‘Wizards v Jazz – 01.17.11′
courtesy of ‘MudflapDC’
The 2010-11 Washington Wizards season, which ended Wednesday night with a 100-93 loss at Cleveland, will largely be remembered for the sparkling play of rookie point guard John Wall, who averaged 16.4 points and and 8.3 assists per game and would be a shoo-in for Rookie of the Year if it weren’t for the stunning emergence of Blake Griffin. Apart from that, however, most of the positives of this past season could only be seen on paper, rather than on the court.
To wit, in December, General Manager Ernie Grunfeld traded Gilbert Arenas and his horrendous contract to the Orlando Magic for the slightly less odious commitment made to Rashard Lewis. Two months later, with the NBA’s trade deadline approaching, Grunfeld swung a deal with the Atlanta Hawks that brought Mike Bibby and two promising young players to D.C. in the persons of Jordan Crawford and Mo Evans. Grunfeld then became even more fortunate when Bibby became so desperate to play for a contending team (eventually settling in Miami with the Heat) that he passed on all of the $6.2 million the Wizards would have owed him in 2011-12. Continue reading
‘John Wall | Wizards’
courtesy of ‘Danilo.Lewis|Fotography’
Like a lot of things, basketball works in mysterious ways. If Austin Daye’s buzzer-beating three-point shot Tuesday night had done what many thought it was going to do and rattled through the net, Washington’s 107-105 win over the Detroit Pistons would instead have gone down as one of the three most excruciating losses of a largely excruciating season (my top two being the 95-94 home loss to Miami on December 18, the day the Gilbert Arenas trade was officially announced and the Wizards blew a four-point lead with 17 seconds remaining, and the 100-99 home loss to Orlando on November 27 that was settled with a Dwight Howard baby hook).
But Daye’s shot didn’t rattle through the net. Instead, it rattled back out, leaving the Wizards players shaken by just how close a call they’d had. “I’ve never seen [a shot like that],” said John Wall after the game. “I’ve never seen one go all the way in like that before coming out.”
“We’ve lost enough tough ones,” Flip Saunders said ruefully after the game. “We deserve a little bit of luck. That last one was definitely pretty right on.” Continue reading
‘Wall Ascending the Sky’
courtesy of ‘Mylar Bono’
Defying the odds and most expectations, the Washington Wizards gave the star-studded Miami Heat a run for their money Wednesday night at the Verizon Center, twice cutting their deficit to one point early in the fourth quarter. But ultimately, the 94 total points scored by LeBron James (35 points), Dwyane Wade (33 points), and Chris Bosh (26 points) proved too much to overcome as the Heat (52-23) defeated the Wizards 123-107.
As heartening as the performance was by the Wizards (18-56), it’s hard not to wonder what might have happened if Washington’s star rookie point guard John Wall hadn’t gotten himself thrown out of the game with 8:48 to go in the first half and the Wizards leading 37-36.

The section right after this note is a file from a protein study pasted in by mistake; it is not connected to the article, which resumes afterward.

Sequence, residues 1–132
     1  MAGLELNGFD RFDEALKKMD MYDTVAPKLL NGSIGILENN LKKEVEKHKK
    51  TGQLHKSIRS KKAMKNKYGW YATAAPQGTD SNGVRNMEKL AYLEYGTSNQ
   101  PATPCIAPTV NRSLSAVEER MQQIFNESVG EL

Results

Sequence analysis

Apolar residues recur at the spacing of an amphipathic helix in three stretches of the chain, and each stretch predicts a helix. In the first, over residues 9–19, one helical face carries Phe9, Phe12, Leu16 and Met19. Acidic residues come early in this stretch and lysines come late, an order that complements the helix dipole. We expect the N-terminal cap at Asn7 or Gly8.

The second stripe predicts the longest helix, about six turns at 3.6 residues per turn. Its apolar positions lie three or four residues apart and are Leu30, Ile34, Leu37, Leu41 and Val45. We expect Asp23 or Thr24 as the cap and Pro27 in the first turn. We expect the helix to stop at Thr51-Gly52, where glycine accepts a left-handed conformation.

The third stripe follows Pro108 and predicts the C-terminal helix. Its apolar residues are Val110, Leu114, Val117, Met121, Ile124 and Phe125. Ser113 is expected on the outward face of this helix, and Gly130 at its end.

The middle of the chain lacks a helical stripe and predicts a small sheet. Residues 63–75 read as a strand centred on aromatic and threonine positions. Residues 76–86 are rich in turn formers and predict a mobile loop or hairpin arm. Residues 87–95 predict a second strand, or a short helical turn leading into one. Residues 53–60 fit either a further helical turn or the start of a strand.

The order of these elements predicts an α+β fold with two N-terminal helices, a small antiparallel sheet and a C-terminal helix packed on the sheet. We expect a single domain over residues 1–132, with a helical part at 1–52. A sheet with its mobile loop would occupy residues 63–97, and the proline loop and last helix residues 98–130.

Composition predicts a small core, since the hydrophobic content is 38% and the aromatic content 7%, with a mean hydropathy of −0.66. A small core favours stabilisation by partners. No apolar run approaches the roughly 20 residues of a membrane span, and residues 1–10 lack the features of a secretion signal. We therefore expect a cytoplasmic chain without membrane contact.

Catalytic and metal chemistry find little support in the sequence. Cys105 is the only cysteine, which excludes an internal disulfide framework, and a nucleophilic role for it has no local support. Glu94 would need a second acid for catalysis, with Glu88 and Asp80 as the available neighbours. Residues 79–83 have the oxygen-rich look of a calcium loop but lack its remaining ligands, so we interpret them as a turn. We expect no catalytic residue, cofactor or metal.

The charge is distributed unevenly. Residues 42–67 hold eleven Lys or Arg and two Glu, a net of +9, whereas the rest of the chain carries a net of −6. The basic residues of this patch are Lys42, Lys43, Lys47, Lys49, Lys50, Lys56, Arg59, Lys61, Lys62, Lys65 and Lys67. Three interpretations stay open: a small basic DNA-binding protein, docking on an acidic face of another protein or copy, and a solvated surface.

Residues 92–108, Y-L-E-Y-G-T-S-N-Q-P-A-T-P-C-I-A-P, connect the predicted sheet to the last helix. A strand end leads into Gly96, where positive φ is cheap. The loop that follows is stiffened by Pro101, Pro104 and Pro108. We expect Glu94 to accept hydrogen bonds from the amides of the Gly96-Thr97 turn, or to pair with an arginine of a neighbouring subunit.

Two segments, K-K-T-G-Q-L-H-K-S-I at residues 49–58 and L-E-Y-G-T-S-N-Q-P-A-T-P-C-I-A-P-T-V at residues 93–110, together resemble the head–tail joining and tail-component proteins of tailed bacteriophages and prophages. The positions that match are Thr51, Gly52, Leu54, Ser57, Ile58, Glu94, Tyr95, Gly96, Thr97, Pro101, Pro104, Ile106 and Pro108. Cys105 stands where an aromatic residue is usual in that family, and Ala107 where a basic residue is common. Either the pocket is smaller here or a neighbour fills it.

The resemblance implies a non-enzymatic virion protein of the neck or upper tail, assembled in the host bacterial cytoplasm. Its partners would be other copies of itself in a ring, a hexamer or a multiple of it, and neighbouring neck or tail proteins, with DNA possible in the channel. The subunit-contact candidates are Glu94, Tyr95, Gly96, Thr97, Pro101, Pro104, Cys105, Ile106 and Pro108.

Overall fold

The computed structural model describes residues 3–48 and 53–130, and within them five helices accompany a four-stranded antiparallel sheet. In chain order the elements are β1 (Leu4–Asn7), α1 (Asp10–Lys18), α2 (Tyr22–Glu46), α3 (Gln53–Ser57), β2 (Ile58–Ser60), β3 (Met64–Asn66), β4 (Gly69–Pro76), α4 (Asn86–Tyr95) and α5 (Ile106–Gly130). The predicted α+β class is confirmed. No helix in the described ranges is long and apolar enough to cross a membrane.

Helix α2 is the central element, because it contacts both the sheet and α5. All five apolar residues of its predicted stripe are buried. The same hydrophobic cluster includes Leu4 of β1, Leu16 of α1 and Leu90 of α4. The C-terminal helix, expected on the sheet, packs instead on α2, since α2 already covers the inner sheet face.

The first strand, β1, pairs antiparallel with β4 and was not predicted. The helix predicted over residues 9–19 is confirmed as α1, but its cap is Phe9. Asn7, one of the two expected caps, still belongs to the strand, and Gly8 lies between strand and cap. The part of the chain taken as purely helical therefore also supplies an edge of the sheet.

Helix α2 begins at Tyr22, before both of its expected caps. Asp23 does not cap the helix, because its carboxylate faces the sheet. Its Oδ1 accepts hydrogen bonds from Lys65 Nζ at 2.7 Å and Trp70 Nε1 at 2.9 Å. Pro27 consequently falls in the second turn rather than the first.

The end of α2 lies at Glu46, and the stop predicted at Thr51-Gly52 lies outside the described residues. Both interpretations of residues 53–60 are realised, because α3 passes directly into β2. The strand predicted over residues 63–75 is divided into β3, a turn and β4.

The incident began innocuously enough, as Zydrunas Ilgauskas grabbed a loose ball at the top of the key and was defended by Wall. As Ilgauskas turned to face the basket, the Wizards rookie got right into the Lithuanian’s personal space, and Ilgauskas responded by nudging Wall twice with his right elbow. Wall took a futile swipe at the ball as Ilgauskas brought it over his head, an action which left the Miami man’s midsection exposed. As Wall turned to face up to Ilgauskas, television replays showed that the Kentucky alum pursed his lips, picked a spot, and let fly with a right cross to Ilgauskas’ ribs at the same instant that the 7-foot-3 center reached out with his left arm to shove Wall further back. Continue reading
DSCN0905 by bhrome
Record: 23-12-5, 51 points
Last Two Weeks: 4-0-1
Place: Tied for first in the Southeast, Fifth in the East
We’re pretty much at the halfway point of the 2010-2011 Season, and the Caps have settled into a winning groove after their brutal losing streak in early December. They’re about to be tested, though, as January looks to be a defining month for the season. Two games against co-leader of the Southeast Tampa Bay, tough games in Philly and Atlanta, and home matchups against the Rangers and Senators, with just a few matches against teams they should beat.
Looking back on the Winter Classic, we saw a Caps team that continued their first period struggles, their second period explosion, and a third period full of fight. That’s been this Capitals team all season long, and until they can figure out their first period struggles, I think they’re not going to be strong contender for Lord Stanley’s Cup. There’s much to work on this season, and still a good amount of time to see it happen. Continue reading
courtesy of ‘Keith Allison’
One good thing to say about the Wizards is that they are competitive.
Well, for stretches.
They hung with the high-flying Heat a couple weeks ago before blowing it at the end. They gave the Bulls a good game a couple of days later prompting Chicago coach Tom Thibodeau to praise the young team. Against the Hornets on Saturday, at one point they held a 13-point second quarter lead. Then Chris Paul, Trevor Ariza and Emeka Okafor asserted their will in the second half of the contest to claim a New Orleans victory, 92-81 at Verizon Center. Continue reading
Happy NBA 2K11 day basketball fans! While you maybe lining up to get the latest 2K b-ball title, excited to play as Michael Jordan (before he joined the Wizards,) let’s not forget that the real-life Washington Wizards can still be as electric as any video game franchise.
Thanks to John Wall.
Just take a look at this clip of John Wall from the Fan Fest scrimmage:
Can the 2K11 version of Wall do this? Maybe, but it’s way more fun to see it in real life.
[h/t Wizards Extreme]